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If you're going to scream, scream with me
You're following Brandon Wright through the maze of walls that will become one of four attractions at the Fright Night Scream Park. It's just a plywood frame at this point, and the lights are on, but it's oddly quiet and you still get disoriented. You keep Wright within arms' reach, because if you turn around and he's gone ... You. Will. Freak. Out!
In the front lobby, a horde of teenagers slosh around like zombies, then fall to the ground in writhing agony. There's a kid with a camera snapping photos. He stops to chat and you notice vampire fangs.
Somewhere, someone screams.
So, yeah, the place is kind of creepy. But there's something more than mere creepiness crackling under the surface here. For all the fake skeletons and decapitated clown heads, the park has become its own creative community.
“These people just came out of nowhere,” says Maggie Courtis, the owner/operator and inspiration behind the park, which will open Oct. 10 in the old movie theater at Sierra Vista Mall.
Actually, they mostly came from MySpace — 100 or so of them, all volunteers, meeting each week to design sets, build props and work on improv acts that will become part of the nightly routine. To recruit a cast and crew for the haunt, Wright took up the “street team” approach, posting on social networking sites and creative community sites like MindHub, long before any actual work began.
He quickly found people who were eager to join the cause and become part of the Scream Team, as they were dubbed. Yes, the crew is busy working on the sets and props and lighting and sound, but they also get together for Saturday movie nights and barbecue parties. This Saturday, the park will hold a Zombie Prom dance for all the volunteers.
But this isn't amateur hour.
The idea for the Scream Park has been floating around in Courtis' head for 10 years. She's traveled the country to visit the nation's best haunts, and taken part in haunted-house seminars. She's even hired a consultant firm to make sure the haunt will be a success.
And the volunteers churn out professional-grade work. They even produced a zombie video to showcase the work.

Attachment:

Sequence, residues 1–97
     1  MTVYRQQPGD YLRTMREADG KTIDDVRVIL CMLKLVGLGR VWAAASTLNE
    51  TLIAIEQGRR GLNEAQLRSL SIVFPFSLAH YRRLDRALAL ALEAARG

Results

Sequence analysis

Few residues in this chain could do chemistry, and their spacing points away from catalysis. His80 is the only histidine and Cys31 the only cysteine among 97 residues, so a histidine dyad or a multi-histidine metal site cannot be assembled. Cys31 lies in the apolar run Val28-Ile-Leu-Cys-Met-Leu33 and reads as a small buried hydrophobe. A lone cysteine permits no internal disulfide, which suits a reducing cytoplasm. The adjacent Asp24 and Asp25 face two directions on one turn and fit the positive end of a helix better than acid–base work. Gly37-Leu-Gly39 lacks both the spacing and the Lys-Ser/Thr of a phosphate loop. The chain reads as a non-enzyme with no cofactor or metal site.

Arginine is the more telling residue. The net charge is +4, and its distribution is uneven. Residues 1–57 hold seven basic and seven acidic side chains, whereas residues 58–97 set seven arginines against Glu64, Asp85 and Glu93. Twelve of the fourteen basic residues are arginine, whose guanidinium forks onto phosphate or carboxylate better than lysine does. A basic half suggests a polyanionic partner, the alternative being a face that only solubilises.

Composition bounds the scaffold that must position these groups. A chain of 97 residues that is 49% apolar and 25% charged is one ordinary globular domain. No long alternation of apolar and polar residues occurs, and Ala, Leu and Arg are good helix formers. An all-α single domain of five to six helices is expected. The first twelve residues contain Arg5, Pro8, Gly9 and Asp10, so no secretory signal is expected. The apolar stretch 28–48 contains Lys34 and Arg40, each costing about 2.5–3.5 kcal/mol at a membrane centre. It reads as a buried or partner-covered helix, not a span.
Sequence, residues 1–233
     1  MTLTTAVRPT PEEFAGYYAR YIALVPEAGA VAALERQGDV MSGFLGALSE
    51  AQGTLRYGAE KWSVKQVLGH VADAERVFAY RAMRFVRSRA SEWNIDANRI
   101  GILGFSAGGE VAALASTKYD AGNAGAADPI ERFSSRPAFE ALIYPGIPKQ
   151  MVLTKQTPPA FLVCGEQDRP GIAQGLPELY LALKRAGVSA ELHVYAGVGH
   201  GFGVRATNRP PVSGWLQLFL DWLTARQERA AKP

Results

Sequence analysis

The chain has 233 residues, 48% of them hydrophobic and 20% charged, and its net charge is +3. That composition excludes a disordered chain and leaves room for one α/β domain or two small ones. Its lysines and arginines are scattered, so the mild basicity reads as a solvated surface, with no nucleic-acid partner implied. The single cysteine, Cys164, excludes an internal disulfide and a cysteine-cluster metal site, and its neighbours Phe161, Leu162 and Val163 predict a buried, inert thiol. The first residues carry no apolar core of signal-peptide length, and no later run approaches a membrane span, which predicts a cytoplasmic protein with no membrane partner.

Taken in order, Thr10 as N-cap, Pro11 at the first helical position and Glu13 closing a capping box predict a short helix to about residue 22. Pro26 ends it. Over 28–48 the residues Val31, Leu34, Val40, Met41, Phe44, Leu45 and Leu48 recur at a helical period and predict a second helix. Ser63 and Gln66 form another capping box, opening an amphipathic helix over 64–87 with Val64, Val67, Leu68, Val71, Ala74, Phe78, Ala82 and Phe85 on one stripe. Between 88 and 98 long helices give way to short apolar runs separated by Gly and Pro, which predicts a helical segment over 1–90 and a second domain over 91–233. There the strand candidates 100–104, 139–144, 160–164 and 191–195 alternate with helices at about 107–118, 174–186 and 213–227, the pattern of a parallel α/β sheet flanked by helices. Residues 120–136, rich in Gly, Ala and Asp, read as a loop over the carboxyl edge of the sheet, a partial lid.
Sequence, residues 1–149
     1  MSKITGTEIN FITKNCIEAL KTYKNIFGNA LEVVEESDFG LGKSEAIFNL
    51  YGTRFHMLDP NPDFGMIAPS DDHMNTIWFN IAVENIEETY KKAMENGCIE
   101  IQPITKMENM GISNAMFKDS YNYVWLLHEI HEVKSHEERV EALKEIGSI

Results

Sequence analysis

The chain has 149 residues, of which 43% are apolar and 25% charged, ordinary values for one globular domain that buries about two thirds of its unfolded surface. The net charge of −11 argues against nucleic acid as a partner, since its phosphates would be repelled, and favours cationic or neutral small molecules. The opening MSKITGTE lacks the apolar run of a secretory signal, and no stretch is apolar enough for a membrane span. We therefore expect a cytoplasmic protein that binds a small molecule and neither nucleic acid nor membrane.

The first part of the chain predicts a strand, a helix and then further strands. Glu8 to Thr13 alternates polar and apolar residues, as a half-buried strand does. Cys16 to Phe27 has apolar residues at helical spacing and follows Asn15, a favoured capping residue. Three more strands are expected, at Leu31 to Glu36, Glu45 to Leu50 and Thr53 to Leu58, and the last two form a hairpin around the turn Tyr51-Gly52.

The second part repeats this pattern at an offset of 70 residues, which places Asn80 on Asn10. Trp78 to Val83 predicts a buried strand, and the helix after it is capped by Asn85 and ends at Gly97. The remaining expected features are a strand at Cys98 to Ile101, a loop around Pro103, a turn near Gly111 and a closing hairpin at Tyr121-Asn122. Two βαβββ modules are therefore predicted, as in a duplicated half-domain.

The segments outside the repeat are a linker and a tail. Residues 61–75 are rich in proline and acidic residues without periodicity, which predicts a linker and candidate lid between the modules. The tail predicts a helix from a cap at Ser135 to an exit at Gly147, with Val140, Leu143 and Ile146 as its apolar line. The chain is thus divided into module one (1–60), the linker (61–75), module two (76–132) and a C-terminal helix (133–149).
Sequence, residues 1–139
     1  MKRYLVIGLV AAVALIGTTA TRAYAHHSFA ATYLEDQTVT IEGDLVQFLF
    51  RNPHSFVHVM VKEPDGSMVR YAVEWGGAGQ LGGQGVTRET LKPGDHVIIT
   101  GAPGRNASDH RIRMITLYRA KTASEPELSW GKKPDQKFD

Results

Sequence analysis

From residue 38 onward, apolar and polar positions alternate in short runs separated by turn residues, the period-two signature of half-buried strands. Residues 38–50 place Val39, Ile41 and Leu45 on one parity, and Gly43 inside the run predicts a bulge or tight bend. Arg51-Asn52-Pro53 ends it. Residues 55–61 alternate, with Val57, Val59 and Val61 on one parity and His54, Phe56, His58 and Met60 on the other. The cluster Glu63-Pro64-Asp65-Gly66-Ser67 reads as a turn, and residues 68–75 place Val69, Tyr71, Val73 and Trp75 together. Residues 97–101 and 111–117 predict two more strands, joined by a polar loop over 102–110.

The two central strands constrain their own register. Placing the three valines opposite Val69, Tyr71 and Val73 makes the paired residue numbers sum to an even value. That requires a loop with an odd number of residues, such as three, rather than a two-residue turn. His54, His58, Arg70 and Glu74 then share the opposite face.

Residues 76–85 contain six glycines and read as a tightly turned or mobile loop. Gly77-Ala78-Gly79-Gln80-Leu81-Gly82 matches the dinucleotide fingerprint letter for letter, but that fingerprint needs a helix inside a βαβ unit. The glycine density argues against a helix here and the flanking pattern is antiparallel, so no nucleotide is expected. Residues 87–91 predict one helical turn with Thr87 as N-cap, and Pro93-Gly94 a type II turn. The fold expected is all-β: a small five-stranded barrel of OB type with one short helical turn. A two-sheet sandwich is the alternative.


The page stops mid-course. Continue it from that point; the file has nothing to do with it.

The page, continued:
Many of them, like Kevin Van Fossen, work in the industry. He does special effects makeup professionally, which is great work, but doesn't have the best opportunities here in town. He was happy for the chance to share his craft. Opportunities like this don't come along often, says his wife, Lea Adams who's in charge of the park's visual arts.
Laurie Phelps is a face and body artist by trade. She's been doing it since she was 18. But she'd never done something of this caliber and when the chance arose, she had to take it.
Being part of the team has allowed her to showcase her skills — she loves to teach — while picking up a few new ones. She recently spent three days taking a course with Pashur, a professional body artist from Las Vegas.
Tonight she's making Roxanne Soto into a monster.
“She going to be a self-mutilator,” Phelps says, brushing on the latex that will become scars and bite marks.
And the volunteers are given free reign to create, Wright says.
Down in the last theater on the left, a group of actors sits in a support-group circle and talks characters. Yes, these are zombies and ghouls and chainsaw-wielding crazies.
But they're chainsaw-wielding crazies with lives, backstories.
“The actors go home and think about it,” Wright says.
Final Auditions for the Fright Night Scream Park
2 p.m. Sept. 20
801 Santa Ana Ave., Clovis
Details: (559) 288-DARK or e-mail email@example.com